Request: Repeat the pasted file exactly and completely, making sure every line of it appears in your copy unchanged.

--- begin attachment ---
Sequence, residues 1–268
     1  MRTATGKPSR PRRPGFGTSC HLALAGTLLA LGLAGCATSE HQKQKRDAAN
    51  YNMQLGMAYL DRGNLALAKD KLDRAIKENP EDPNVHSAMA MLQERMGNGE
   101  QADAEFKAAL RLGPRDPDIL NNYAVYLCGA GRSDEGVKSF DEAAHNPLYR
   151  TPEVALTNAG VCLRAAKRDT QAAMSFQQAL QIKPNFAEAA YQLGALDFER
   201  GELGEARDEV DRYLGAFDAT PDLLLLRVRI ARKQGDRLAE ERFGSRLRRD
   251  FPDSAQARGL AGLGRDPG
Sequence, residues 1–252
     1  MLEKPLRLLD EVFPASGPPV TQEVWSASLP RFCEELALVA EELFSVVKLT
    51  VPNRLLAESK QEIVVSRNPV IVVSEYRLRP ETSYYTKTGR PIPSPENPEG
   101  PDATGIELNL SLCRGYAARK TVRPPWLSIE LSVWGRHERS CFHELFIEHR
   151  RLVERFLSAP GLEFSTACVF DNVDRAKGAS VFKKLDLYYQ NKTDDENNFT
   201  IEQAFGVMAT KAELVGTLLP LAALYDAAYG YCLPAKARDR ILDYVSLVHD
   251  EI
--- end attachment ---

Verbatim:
Sequence, residues 1–268
     1  MRTATGKPSR PRRPGFGTSC HLALAGTLLA LGLAGCATSE HQKQKRDAAN
    51  YNMQLGMAYL DRGNLALAKD KLDRAIKENP EDPNVHSAMA MLQERMGNGE
   101  QADAEFKAAL RLGPRDPDIL NNYAVYLCGA GRSDEGVKSF DEAAHNPLYR
   151  TPEVALTNAG VCLRAAKRDT QAAMSFQQAL QIKPNFAEAA YQLGALDFER
   201  GELGEARDEV DRYLGAFDAT PDLLLLRVRI ARKQGDRLAE ERFGSRLRRD
   251  FPDSAQARGL AGLGRDPG
Sequence, residues 1–252
     1  MLEKPLRLLD EVFPASGPPV TQEVWSASLP RFCEELALVA EELFSVVKLT
    51  VPNRLLAESK QEIVVSRNPV IVVSEYRLRP ETSYYTKTGR PIPSPENPEG
   101  PDATGIELNL SLCRGYAARK TVRPPWLSIE LSVWGRHERS CFHELFIEHR
   151  RLVERFLSAP GLEFSTACVF DNVDRAKGAS VFKKLDLYYQ NKTDDENNFT
   201  IEQAFGVMAT KAELVGTLLP LAALYDAAYG YCLPAKARDR ILDYVSLVHD
   251  EI